Last Sunday (Father’s Day) we took an one hour 15 minute drive to Eagle, Wisconsin, the home of Old World Wisconsin. This is an open-air museum that depicts the lives of 19th century settlers to Wisconsin. These settlers came from the eastern U.S. and from places all over the world but mostly from Germany, Poland, Britain, and Scandinavia. In addition, African-American settlers fled the south following the Mississippi River north to freedom. The things they had in common were the search for a better life, to provide for their families and to make a new home in America’s heartland.
Old World is the largest outdoor museum in the U.S. covering about 480 acres of wooded, rolling hills in southeastern Wisconsin. There are over 60 historic structures, houses, shops, rural outbuildings such as barns, granaries, smokehouses, and even a sauna! The buildings were moved from all parts of Wisconsin, some painstakingly dismantled and reassembled on this site. Old World is divided into themed areas to represent the typical settlements by various ethnicities such as the Finns, Norwegians, Danes, Germans, Poles, African-Americans, and Yankees. In a bit, I’ll take you on a little tour around the grounds.
The day of our visit, the Swedish American Historical Society of Wisconsin organized a Midsommar Celebration on the Old World grounds. This celebration is held around the time of the summer solstice to commemorate the beginning of summer after the long nordic winter but for early Christians it was also the feast of St. John the Baptist. Typical activities include decorating the Midsommar Pole with greens and flowers and the making of flower crowns worn mostly by women and girls. Then it’s customary to dance around the maypole and play games.
Here’s a little girl, already tired from the festivities, with her flower crown.
It wouldn’t be much of a celebration without some traditional foods. Old World Wisconsin offered a Swedish buffet consisting of meatballs in gravy, boiled potatoes, cucumber salad, pickled beets, rice custard, breads and lingonberry jam. It was very tasty and filling. I started eating before remembering to take a photo so here’s my half eaten plate!
This event took place in the Clausing Barn located on the Old World Wisconsin grounds.
After a delicious meal, it was time to walk off our dinner transversing the grounds. I must admit we didn’t walk the whole route, Old World provides trams for visitors to travel around the grounds. We did walk a lot since it was a very pleasant day to enjoy the outdoors.
Our first stop was the Yankee village with a church, houses, a general store, shoe shop, and a blacksmith shop. Here are some photos from this stop.
I was fascinated by the blacksmith shop run and operated on this day by a woman smithy. She was making a hook used to hang pots over a fire.
The next stop was at the Finnish farms. In the home the woman of the house was baking a cake, it was really hot in the kitchen! But we were told not as hot as the day before when the weather outside was in the upper 80’s and high humidity.
But it wasn’t nearly as hot as the small building that housed the sauna! We learned that the Finnish people took a sauna about twice a week or more often it they were working in the fields.
Then our walk along the road took us to the Danish immigrant farm and the Norwegian area. There we sampled a traditional butter cake baked in a wood stove.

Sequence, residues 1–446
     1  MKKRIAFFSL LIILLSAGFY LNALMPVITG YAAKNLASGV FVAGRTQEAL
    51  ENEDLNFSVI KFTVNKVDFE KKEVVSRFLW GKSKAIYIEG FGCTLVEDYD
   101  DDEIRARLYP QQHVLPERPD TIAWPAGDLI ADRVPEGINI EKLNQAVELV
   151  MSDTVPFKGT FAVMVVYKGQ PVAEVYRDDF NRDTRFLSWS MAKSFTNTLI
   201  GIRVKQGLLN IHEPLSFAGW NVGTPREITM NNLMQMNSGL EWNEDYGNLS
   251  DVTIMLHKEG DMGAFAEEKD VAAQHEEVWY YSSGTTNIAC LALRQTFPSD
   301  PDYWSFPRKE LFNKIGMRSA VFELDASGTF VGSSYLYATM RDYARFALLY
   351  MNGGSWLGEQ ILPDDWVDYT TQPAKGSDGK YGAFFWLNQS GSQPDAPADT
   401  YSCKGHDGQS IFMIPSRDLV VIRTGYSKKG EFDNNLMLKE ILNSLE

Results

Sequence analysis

During our visits to all the houses at Old World, Donna noticed the quilts and I noticed how uncomfortable the beds looked. I guess it was better than sleeping on the floor, it seems to me, but not by much!
A stop at the Raspberry School was very interesting as it was staff by a well-informed docent. In the top photo, she is pointing to Bayfield County in northern Wisconsin where this school originated. In the second photo, she’s explaining that the thicker the reader, the more advanced the student. Students at this school went to the 6th grade.
As we moved around the grounds, we saw a new born calf named Sunny and sheep located, well duh, in the sheep pasture! We also saw baby pigs, chickens, oxen, and a couple of Percheron draft horses.
We sampled some very good lefse at the Norwegian farm. Again, they were happy for a cooler day to do all that work inside.
The Polish farm house was very interesting. The house was made of short on end logs imbedded with grout or concrete. This made for an interesting design. On one side of the house was the living quarters and the other side was the livestock. And of course, out back was the outhouse!
The German farms were particularly well organized. We were especially impressed by the gardens at the two farms, so neat and, well, so German!
These young folks were demonstrating how our ancestors made flax straw into linen and other products. From what I could gather, one would beat the devil out of the straw then it was woven into cloth. Sounds like a lot of work to me! The second photo is of a fellow making wheel spokes by hand using a spoke knife. A visitor is giving it a try.
This woman was demonstrating how the settlers used greenery available to decorate their homes for the Midsummar celebration. Note the braided decoration over the door on the left of the photo.
In the African-American area is a chapel with a replica cemetery! In the early settler days, caucasians and blacks lived next to each other, worshipped together, were buried together and virtually did everything together. It was later when prejudice arrived and communities became segregated. We can learn something from that time!
These last photos are some scenes from around the grounds.
I hope you enjoyed your visit to Old World Wisconsin. It’s a day long adventure and there is a lot for the kids to do too. So come walk in the footsteps of our ancestors and explore the world they helped create.
Til next time, travel safe.